2015-0126 Healthcare.govLast week, several press outlets, a well-regarded legal blog (albeit one that does not generally focus on Government contracts law/policy), and at least one politician criticized the IRS for the award of a relatively small IT services contract to a company called CGI Federal. CGI was the contractor at the center of the problematic rollout of the healthcare.gov website. Although there were clearly substantial problems with the website development and rollout, some of the criticism of CGI—and the implicit calls for substantial punishment of that contractor—demonstrate a lack of fair consideration of publicly available reports about the sources of the problems with the website and misunderstandings of aspects of procurement law and policy. Continue Reading Questionable Criticism of a Government Contractor—and Unfounded Calls for Severe Punishment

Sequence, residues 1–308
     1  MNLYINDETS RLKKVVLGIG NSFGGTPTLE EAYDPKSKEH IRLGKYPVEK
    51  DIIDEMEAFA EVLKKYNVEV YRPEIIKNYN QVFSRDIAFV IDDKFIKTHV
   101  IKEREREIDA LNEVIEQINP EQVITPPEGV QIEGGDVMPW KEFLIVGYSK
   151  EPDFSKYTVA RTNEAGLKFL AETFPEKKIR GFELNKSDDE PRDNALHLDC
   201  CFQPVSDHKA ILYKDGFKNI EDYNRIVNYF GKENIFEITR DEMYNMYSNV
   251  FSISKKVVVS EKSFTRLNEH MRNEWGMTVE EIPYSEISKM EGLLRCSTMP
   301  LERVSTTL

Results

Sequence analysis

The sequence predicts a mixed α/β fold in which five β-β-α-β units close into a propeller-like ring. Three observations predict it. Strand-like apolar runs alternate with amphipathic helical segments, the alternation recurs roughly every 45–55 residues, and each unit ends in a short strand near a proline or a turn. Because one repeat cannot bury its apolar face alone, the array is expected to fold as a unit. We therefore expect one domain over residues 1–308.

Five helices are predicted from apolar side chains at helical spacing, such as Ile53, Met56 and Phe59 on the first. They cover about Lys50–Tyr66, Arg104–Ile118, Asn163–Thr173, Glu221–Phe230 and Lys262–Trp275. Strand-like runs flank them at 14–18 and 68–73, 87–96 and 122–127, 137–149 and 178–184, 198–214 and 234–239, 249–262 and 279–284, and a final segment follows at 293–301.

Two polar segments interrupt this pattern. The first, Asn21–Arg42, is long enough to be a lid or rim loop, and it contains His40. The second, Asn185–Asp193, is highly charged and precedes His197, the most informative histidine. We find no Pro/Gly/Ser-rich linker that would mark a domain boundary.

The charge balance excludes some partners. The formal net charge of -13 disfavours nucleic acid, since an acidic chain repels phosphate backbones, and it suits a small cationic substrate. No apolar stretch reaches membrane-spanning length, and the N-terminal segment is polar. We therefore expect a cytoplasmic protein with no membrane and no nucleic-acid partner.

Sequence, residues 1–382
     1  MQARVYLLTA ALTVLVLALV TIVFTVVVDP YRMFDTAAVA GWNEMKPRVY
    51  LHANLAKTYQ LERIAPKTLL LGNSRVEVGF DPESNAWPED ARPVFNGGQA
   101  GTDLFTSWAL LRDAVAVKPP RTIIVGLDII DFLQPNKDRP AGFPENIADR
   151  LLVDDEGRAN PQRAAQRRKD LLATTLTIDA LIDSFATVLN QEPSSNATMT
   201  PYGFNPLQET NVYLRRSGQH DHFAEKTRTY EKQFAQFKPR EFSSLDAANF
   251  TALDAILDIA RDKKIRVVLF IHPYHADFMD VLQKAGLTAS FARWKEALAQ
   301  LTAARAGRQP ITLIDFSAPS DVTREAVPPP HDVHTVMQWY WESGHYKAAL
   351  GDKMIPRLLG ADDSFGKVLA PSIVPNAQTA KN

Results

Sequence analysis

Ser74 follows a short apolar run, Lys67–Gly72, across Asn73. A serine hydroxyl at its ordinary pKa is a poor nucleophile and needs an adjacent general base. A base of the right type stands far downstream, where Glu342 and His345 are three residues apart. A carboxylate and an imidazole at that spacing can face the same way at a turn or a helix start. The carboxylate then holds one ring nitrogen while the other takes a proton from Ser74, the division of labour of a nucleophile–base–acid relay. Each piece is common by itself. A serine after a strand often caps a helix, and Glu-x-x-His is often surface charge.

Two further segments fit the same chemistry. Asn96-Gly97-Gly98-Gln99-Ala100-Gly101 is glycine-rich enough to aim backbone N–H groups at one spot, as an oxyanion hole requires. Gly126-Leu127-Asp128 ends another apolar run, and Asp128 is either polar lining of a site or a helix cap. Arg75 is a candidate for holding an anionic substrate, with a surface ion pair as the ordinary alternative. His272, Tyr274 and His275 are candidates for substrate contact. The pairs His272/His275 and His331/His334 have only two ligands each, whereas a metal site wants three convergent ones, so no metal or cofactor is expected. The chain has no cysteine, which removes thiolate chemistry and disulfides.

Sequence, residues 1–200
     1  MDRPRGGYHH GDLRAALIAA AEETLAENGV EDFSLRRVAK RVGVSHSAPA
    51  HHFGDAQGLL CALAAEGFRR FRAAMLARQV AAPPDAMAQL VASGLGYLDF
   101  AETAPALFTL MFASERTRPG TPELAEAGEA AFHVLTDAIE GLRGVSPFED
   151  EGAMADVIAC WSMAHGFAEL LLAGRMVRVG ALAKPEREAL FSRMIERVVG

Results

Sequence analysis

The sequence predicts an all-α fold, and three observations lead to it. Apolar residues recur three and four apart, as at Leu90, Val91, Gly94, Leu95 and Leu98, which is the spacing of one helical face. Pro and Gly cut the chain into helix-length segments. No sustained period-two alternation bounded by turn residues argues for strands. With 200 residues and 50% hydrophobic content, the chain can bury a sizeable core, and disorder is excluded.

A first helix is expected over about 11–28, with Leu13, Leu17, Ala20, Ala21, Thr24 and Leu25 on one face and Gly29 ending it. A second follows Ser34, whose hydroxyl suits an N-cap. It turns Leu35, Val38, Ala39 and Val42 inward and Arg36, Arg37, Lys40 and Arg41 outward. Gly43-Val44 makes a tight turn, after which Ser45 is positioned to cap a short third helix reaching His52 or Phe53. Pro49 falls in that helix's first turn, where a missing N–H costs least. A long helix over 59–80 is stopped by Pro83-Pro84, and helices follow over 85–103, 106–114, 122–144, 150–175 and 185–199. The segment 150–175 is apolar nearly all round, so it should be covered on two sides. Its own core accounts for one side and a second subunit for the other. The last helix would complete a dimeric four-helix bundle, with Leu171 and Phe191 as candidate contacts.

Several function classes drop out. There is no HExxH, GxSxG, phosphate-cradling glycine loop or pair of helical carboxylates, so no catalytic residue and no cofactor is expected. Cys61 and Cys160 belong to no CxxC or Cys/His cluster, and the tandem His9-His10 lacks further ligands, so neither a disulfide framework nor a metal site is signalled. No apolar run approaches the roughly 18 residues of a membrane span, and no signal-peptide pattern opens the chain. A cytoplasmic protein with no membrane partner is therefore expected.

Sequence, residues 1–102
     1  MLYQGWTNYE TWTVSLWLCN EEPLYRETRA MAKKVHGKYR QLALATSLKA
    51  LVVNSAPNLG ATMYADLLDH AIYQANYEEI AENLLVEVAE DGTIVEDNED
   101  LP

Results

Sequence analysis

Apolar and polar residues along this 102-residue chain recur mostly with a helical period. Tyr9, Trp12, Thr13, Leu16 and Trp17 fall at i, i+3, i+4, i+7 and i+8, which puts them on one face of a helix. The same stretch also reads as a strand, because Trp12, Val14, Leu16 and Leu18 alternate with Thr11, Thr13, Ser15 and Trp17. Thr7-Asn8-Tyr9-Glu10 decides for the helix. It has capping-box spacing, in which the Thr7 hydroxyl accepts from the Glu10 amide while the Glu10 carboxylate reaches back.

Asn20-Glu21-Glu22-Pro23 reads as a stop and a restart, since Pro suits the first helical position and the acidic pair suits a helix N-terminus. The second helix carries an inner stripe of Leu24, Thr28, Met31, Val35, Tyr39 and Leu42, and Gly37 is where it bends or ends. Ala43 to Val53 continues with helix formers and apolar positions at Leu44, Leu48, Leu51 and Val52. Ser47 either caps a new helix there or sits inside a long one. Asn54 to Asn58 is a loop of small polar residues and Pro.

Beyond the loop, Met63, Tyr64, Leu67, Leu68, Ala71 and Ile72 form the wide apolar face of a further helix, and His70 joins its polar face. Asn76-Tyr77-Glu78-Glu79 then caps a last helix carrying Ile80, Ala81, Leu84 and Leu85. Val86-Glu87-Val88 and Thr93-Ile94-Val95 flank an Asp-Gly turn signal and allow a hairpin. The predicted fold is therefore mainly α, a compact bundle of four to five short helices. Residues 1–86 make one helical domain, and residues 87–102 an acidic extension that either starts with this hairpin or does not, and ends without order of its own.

iStock_000019708886LargeEditor’s note: This is the third post in a series focused on protest allegations related to cost and price analyses. The first post explained the basic principles on price and cost realism. The second post focused on the adjustments an agency can make during a cost realism analysis. Planned future posts will discuss the role of an offeror’s technical approach in a price/cost realism analysis, price reasonableness, and recent protest decisions involving cost/price analysis issues.